Theater is a particularly noxious medium due to the power of directors, who can take a crowbar to Shakespeare or any other playwright with impunity. Contrast this with attending an exhibition at your local museum. If you go to art exhibits, you might notice that curators sometimes insert woke themes into the placards or digital playback devices that accompany the exhibits. But they cannot alter the original paintings…not if they want to keep on being curators. Unfortunately, this is not the case with theater.
It is a rare director today who can stage a Shakespeare play with fidelity to the material. The Bard has long been victimized by corruption. In fact, the first time I ever saw a Shakespeare play (I think it was 1966), the director, for whatever reason, decided to stage Hamlet during the Regency Period (the Jane Austen era). I also remember a local Shakespeare festival when the director decided that it would be cool to transform the thanes of Macbeth to Texas cattle barons. The cinema has given us Joe MacBeth (1955), a gangster movie, and Throne of Blood (1957), in which Akira Kurosawa subs feudal Japan for 11th Century Scotland. No stigma attached to cultural appropriation in those days.
Then there are the various versions of Macbeth done in the nude. That’s right, Scotland, with damp, drafty castles, and overcast, chilly heaths at a latitude roughly equivalent to Moscow and Anchorage, Alaska. Can’t think of a better clothing optional environment. Prithee, which way to the hot tub, m’lord?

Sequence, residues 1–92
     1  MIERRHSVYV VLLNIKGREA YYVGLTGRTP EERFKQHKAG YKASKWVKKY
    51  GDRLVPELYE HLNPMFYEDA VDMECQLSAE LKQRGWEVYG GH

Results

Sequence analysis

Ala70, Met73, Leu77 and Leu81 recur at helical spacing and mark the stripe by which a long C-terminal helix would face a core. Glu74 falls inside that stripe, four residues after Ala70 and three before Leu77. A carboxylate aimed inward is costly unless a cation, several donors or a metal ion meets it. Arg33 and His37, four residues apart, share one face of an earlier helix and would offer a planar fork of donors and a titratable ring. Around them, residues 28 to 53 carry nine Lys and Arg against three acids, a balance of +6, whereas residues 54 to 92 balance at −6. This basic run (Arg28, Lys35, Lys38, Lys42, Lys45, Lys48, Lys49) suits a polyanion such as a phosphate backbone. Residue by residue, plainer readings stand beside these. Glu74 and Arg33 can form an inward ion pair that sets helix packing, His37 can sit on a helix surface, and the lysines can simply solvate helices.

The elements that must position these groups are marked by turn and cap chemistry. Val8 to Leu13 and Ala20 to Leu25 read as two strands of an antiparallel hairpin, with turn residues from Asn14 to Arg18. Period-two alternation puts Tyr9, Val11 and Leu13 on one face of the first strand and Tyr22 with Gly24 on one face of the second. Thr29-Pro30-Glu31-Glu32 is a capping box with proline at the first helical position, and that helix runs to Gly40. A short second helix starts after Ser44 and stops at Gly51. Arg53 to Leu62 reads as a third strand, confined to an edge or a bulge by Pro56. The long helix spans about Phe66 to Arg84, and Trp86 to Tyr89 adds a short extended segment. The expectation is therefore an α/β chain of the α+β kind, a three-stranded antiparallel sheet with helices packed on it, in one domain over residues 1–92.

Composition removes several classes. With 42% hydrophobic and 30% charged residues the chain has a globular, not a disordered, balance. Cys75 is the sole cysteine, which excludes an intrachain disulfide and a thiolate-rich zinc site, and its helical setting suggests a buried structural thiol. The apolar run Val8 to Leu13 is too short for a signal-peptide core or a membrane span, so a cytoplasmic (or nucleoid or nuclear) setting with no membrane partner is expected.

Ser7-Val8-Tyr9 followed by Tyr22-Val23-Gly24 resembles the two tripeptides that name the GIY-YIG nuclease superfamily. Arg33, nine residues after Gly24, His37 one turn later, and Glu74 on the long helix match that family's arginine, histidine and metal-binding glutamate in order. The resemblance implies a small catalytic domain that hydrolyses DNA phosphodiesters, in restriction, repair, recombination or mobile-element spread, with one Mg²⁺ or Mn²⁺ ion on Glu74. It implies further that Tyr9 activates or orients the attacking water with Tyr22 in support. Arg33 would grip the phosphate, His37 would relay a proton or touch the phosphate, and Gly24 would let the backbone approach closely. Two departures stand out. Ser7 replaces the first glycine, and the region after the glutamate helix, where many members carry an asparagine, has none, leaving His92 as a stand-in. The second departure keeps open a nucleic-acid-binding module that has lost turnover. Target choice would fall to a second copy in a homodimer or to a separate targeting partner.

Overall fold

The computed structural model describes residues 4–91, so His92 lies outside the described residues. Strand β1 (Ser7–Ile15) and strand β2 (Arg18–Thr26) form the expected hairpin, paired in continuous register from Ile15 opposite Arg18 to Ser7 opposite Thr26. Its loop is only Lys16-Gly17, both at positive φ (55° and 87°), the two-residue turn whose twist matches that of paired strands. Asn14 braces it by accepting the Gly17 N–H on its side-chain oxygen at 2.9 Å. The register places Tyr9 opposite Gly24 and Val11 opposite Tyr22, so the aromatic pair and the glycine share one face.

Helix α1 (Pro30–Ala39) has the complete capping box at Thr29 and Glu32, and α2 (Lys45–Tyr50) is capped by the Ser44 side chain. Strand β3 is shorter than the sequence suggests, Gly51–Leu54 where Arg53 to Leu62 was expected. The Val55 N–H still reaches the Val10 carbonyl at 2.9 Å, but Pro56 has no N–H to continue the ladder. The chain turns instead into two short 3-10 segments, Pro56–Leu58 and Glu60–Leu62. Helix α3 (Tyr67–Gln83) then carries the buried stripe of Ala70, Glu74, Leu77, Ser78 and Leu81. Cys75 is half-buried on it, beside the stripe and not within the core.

If critics take nude Macbeth seriously, what would they consider a bridge too far? Hell, I suppose you could do Shakespeare with a wheelchair-bound cast. Did wheelchairs exist in Shakespeare’s day? I don’t know, but if you ask that question, you’ll out yourself as a philistine. Don’t you know our director is a visionary? All must kneel!
On occasion there are attempts to perform Shakespeare as it was done at the Globe Theater in the Elizabethan era. Recreations of the Globe have appeared in such unlikely locales as San Diego and Odessa, Texas. Even so, one wonders if any productions at these venues have been done old school with all-male casts? If so, I suspect it would not be praised as an authentic recreation but as another example of male oppression. (There is a trend afoot to banish the word “actress” and to use “actor” to refer to all people who act; the potential for confusion is obvious.)
Casting actresses in male roles goes back at least as far as Sarah Bernhardt playing Hamlet in the 19th Century. But would it be possible to stage Hamlet with women exclusively? It is not only possible, it is a fact. Shakespeare Dallas has just done it! If any local actors (or should I say actors who identify as male) are displeased with this, they are savvy enough to keep their mouths shut. Raphael Parry, the Executive Director of Shakespeare Dallas, has described it as “an exciting step.” You see, it “provides much more access to the incredibly talented performers in our community, who are not traditionally offered these roles due to their gender representation.” In other words, there’s no such thing as miscasting. In truth, a little Googling will establish that all-female Shakespeare productions are nothing new. Dallasites would be loath to admit it, but they are typically trend-followers, not trend-setters.